Daily Family Worship

Lamentations 1: The Solitary City

by | Aug 24, 2023

lamentations 1

The Book of Lamentations was composed by the prophet Jeremiah after the city of Jerusalem was destroyed by the Babylonians. It consists of five separate dirges, similar to David’s song of sorrow over Jonathan and Saul; but Jeremiah’s lamentations are not over particular persons, but over his country and its chief city. They were composed for a time which was to be spent in penitence and sorrow. Jerusalem was in ashes; the majority of her inhabitants were captives in a foreign country; and a long, deep wail of national distress had been heard throughout the land. Therefore, the prophet desired to lead the sorrowing ones to a proper knowledge of their guilt, and then to confidence and hope in Him Who alone could raise them from their fall. In the most touching words, he describes the afflictions of his people; and then he pours forth the pleadings of his soul for the Lord’s mercy and compassion to be poured upon them.

In that same fixed attitude of grief which Michaelangelo has immortalized in his famous sculpture of the Weeping Prophet, we may well suppose that he mourned the fall of his country. In this first dirge of lamentation, the prophet’s words are portrayed as being spoken by the daughter of Zion, who bewails the destruction of the city, the nation, and the Temple. The song is divided into two equal parts – the first of which (verses 1-11) describes the wretched condition of the once-magnificent city. The daughter of Zion describes herself as sitting down like a solitary widow. She pines in sadness because her children have forsaken her, and her friends have become her foes. Her inhabitants and those of the whole country have gone into captivity, but there they find no rest. And now the highways leading to Zion are full of mourning. All her gates are desolate, for no one goes up to her solemn feasts. Her priests, therefore, sigh; and her young maidens, who formerly sang and danced at her national festivals, are now full of bitter grief and sorrow. The sorrowful daughter of Zion now thinks of former times, but the remembrance of them only increases her distress. And the bitterest ingredient in her cup of suffering is that all this has come upon her because of her own sins; she has been brought low because of her own transgressions. Such is the strain of the first part of this song of sorrow, and we have no sympathy with the person who remains unmoved by such mournful calamities. Jeremiah sets us a good example of the pity and sympathy that we ought to feel for the woes of others; he teaches us to weep with those who weep. Nor are opportunities for showing such emotions scarce, even in our own times! Cries of sorrow and distress still rise from the lips and hearts of thousands of men, women, and children of the human race.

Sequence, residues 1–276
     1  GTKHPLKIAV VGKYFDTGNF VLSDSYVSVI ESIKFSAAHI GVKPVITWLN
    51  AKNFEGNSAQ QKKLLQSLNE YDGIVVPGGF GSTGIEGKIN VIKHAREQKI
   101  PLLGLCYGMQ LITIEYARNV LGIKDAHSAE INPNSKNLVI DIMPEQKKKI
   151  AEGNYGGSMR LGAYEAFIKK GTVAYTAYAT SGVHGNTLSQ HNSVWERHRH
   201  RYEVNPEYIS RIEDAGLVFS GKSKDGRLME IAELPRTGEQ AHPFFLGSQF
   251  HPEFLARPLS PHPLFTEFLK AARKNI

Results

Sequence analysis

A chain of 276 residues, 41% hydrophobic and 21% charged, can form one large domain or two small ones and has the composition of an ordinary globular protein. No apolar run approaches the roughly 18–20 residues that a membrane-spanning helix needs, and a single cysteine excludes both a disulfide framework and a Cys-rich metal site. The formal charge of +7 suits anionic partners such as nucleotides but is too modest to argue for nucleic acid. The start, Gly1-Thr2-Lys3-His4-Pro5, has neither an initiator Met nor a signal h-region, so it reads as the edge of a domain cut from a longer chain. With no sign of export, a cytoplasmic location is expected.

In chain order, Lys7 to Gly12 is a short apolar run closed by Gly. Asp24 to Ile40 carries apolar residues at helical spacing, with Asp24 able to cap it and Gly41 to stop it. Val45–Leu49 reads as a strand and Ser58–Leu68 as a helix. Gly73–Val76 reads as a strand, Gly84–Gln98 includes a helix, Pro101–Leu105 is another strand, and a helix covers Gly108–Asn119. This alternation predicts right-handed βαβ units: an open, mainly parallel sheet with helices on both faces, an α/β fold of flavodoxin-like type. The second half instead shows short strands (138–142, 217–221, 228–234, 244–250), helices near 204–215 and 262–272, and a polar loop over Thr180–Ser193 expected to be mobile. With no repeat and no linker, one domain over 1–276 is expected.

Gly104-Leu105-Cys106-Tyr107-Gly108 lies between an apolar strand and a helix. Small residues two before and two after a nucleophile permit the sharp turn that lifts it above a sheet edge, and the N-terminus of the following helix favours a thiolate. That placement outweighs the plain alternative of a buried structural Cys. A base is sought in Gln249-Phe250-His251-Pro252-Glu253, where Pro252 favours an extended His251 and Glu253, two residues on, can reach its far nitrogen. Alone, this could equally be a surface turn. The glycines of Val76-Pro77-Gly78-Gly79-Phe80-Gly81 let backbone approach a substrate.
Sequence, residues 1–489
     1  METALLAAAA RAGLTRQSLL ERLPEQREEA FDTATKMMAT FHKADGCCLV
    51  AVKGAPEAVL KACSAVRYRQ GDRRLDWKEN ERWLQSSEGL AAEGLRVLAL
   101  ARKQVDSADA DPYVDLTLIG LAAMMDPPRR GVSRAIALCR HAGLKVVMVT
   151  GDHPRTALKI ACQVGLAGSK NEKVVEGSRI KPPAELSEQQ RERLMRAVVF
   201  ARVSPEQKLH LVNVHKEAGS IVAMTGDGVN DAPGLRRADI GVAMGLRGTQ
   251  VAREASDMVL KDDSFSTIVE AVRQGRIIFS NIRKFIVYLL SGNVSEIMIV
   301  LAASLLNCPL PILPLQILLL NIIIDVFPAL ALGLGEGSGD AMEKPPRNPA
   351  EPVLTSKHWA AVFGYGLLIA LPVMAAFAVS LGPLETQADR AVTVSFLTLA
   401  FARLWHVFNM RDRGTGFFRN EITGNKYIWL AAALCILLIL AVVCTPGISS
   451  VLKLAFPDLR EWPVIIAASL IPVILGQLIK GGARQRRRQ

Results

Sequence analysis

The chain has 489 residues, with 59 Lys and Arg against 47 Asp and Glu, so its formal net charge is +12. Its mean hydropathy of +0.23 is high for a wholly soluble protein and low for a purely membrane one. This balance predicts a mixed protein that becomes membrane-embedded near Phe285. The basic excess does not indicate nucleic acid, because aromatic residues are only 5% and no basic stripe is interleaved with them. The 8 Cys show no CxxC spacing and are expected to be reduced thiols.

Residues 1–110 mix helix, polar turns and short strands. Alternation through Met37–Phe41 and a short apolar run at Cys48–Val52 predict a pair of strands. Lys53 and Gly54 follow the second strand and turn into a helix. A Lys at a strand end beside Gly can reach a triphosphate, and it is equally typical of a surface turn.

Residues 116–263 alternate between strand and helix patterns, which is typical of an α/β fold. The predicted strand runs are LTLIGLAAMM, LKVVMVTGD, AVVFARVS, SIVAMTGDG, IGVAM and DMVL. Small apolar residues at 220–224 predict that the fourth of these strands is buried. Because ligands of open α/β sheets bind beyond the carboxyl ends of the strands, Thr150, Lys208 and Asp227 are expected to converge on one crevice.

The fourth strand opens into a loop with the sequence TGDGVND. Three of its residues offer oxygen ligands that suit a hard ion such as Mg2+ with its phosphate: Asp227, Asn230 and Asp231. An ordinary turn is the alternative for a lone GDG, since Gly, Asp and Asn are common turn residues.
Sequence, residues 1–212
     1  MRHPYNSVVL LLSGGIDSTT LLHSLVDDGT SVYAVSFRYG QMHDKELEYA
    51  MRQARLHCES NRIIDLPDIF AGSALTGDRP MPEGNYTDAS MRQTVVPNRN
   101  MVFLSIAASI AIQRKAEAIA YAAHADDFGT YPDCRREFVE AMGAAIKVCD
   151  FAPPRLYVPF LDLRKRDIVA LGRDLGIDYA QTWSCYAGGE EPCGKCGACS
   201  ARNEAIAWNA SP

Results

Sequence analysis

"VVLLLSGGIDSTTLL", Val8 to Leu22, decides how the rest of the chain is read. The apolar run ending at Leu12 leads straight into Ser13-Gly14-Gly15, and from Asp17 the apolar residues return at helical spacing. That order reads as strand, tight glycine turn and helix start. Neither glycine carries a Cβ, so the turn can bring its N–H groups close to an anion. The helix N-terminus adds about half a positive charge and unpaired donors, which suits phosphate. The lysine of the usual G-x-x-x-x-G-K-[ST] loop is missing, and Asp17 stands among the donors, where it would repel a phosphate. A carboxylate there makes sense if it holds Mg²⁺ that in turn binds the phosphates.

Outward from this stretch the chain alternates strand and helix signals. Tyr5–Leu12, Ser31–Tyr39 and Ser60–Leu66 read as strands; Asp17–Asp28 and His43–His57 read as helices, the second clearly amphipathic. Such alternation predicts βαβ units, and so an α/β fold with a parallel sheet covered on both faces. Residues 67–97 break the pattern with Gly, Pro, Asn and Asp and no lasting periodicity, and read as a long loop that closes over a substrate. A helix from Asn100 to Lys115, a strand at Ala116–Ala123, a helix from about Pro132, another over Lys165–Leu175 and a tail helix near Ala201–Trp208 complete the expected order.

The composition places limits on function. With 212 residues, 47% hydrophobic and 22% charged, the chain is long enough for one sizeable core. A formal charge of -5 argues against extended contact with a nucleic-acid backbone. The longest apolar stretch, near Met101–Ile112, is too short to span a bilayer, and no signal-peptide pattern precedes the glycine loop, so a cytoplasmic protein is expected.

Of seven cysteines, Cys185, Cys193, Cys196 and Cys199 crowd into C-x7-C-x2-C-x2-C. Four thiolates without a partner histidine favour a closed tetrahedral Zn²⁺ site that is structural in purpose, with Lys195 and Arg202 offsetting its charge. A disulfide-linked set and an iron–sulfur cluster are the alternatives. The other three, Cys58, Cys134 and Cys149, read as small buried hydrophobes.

The sorrowful situation has now been stated; and now, in verses 12-22, the lamentation begins. Jerusalem, personified as a captive woman, still speaks. She calls aloud, and says, “Do ye not observe what has befallen me?” “Is it nothing to you, all ye that pass by?” she asks (verse 12). “Behold, and see if there be any sorrow like unto my sorrow, which is done unto me, wherewith the Lord hath afflicted me in the day of his fierce anger.” This is a summons to all who are passing by to look upon Zion’s grievous sorrow and consider it. She rightfully pleads for a share in the pity and compassion of all who beheld her in her sorrows. But even in the days of the Old Testament, there was a great correspondence between the long-awaited but as-yet-unknown Messiah and the patriarchs, prophets, and people of God. Their sufferings were (as one writer has put it) “forerunning figures of the great sufferings of the Son of God.” Doubtless, Zion’s sorrows exceeded all other sorrows, but they were only a prophetic picture of those griefs which were fully experienced by Christ when He hung upon the cross of shame!  

Let us take a few moments to pursue this thought a little further. If there is anything in all the world that ought to interest a person, it is the death of Christ! Yet we find well-educated persons spending year after year in sorting out butterflies, beetles, and gnats; or in listing out the various orders of seashells; or in digging into the earth and seeking to discover what strange creatures once walked the land or swam in the vast seas. We find people occupied with things of no practical importance, and yet the story of God Himself is thought to be too small a trifle for “intelligent minds” to dwell upon. O how sad it is that even the sufferings of Christ do not attract the attention of people; for generally, if we hear any sad story of the misfortunes of our fellow creatures, we are greatly interested. Why does not the whole world stretch out her hands and say, “Come and tell us of the God that loved us, and came down to our low estate, and suffered for us and for our salvation!” Christ’s death and sufferings ought to interest us, even if they do nothing more. But should it not be much more than merely interesting? Should it not excite our admiration? You cannot read of a man sacrificing himself for the good of another human being without immediately feeling that you wish you had known that fine fellow. And you instinctively feel that you would do anything in the world to serve him. Is it nothing to you that Jesus should die for sinful humans? O why is it that such a Savior – so lovely and so admirable – is forgotten by the majority of mankind, and is nothing to them?

Lord, we give thanks that as we study the lamentations of Your people, we may remember that Jesus arises to have mercy upon His Church, and that He gives comfort to all who mourn! Amen.

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fresco of Jeremiah by Michelangelo, 1511  |  Wikimedia Commons